Discussion QuestionsDiscussion questions are those without short and obviously correct answers. These are designed to encourage students to express and support an opinion. Discussion questions can start out as Think-Pair-Share questions and the sharing can be the start of the discussion.
There are a number of resources that are available to give you hints on leading good discussions. Check the bibliography on this archive for references.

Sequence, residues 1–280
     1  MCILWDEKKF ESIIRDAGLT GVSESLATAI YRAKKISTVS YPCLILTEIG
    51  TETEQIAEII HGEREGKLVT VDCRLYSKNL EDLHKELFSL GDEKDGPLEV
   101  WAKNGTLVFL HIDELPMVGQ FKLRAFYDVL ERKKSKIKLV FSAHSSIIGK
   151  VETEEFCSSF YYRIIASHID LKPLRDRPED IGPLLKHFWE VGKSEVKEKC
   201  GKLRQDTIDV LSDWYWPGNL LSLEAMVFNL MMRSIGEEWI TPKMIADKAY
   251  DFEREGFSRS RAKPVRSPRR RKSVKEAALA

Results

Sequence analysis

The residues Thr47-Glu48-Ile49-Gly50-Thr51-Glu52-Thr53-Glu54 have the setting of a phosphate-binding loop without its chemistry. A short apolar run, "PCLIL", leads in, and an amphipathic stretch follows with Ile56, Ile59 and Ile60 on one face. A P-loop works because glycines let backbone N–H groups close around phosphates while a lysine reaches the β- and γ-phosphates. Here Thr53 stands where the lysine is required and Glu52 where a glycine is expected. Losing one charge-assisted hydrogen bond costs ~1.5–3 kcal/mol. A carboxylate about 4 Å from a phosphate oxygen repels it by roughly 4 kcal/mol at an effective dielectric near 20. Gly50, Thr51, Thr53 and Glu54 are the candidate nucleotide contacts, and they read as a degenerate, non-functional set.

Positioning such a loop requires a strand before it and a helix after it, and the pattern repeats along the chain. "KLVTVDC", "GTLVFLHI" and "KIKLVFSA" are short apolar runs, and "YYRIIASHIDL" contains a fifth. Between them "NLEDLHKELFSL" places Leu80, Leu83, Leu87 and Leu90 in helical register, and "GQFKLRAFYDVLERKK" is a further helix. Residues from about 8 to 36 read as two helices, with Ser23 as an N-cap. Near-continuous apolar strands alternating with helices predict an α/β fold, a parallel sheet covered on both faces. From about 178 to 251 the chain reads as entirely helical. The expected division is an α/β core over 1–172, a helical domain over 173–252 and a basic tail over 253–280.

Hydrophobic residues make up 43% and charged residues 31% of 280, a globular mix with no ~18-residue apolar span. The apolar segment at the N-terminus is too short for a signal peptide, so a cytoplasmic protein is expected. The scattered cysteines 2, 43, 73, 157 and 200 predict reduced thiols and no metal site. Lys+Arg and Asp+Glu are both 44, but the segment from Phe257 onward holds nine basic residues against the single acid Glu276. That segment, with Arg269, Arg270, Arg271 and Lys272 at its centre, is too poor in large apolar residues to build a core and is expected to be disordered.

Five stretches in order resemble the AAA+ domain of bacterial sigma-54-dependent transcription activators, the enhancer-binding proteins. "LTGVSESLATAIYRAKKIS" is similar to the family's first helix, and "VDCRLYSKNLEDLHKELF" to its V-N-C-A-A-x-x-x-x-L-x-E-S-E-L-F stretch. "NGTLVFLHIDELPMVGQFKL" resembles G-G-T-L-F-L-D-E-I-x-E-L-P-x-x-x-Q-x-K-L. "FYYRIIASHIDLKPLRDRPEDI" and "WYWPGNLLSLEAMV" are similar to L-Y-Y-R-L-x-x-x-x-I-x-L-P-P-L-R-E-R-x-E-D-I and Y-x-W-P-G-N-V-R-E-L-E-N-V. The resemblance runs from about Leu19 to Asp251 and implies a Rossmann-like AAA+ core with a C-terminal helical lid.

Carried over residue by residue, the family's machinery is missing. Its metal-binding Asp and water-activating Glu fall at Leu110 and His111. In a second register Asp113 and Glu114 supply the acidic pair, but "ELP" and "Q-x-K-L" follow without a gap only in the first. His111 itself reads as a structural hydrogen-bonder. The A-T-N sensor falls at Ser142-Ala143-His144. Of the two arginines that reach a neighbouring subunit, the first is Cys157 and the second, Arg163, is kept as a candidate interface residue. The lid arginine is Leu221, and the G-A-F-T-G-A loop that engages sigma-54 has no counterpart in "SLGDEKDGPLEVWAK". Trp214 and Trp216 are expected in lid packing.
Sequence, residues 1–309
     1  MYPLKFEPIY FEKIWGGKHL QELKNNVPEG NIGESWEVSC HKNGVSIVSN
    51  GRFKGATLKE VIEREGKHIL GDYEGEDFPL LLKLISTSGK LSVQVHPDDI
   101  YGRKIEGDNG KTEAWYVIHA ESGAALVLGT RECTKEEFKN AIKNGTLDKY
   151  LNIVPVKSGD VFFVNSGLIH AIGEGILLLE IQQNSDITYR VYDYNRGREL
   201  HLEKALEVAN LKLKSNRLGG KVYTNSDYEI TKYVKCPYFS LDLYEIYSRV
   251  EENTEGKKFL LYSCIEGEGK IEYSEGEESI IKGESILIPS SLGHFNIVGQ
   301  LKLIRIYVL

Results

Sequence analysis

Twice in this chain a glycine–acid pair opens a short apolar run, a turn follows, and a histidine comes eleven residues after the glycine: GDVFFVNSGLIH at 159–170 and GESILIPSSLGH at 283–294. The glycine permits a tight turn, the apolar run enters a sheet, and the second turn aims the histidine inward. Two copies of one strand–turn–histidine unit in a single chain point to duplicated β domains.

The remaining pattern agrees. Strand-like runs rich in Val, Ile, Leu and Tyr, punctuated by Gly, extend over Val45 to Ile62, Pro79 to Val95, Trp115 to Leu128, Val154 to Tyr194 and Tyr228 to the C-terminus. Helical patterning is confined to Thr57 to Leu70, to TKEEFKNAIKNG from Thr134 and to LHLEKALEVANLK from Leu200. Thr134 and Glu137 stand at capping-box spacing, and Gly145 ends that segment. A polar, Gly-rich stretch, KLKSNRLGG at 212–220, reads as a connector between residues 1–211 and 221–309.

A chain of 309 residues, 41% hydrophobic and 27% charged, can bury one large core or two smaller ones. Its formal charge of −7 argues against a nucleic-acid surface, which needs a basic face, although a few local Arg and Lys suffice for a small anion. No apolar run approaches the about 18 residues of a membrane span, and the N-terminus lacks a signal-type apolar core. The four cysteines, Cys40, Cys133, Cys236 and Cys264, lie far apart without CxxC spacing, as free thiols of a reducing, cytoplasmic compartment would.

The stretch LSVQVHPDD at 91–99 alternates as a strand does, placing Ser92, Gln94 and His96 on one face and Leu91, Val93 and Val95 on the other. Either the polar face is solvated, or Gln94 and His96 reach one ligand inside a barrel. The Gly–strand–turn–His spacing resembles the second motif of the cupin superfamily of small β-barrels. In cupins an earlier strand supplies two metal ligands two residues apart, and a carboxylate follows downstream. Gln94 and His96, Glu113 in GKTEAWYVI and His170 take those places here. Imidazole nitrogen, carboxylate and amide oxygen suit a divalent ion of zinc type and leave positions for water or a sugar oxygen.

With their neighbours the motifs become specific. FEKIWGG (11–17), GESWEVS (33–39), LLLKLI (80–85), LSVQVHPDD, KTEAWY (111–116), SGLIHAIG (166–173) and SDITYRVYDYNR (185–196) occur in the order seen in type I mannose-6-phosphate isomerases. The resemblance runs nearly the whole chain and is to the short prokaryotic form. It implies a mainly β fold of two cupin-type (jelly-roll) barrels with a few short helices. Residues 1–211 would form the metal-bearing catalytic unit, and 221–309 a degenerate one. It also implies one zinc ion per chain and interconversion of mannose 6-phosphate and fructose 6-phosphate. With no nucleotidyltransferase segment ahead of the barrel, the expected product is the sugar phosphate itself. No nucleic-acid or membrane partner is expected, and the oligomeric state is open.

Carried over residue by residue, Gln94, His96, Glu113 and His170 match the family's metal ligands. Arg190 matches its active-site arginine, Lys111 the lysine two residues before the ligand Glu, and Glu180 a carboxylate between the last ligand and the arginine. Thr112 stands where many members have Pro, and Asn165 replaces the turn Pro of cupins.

A couple of quick hints. First, wait for answers - studies show that faculty usually wait only 1-2 seconds before giving the answer or offering an elaboration. If you wait at least 5-10 seconds, you will find more students answering and you will get better answers. Also, do not tell students that they are "wrong." Instead, ask them to elaborate on their answer, or tell you "why they think that." Give other students the chance to correct wrong answers by asking "so what you the rest of you think of that" instead of you having to always correct errors. You should also encourage your students to look at each other when replying instead of always looking at you. You can do this by looking at the student who's answer is being discussed instead of looking at the student talking -- the student talking will naturally look where you are and then automatically start talking to the other student since he or she will be also looking at the student talking.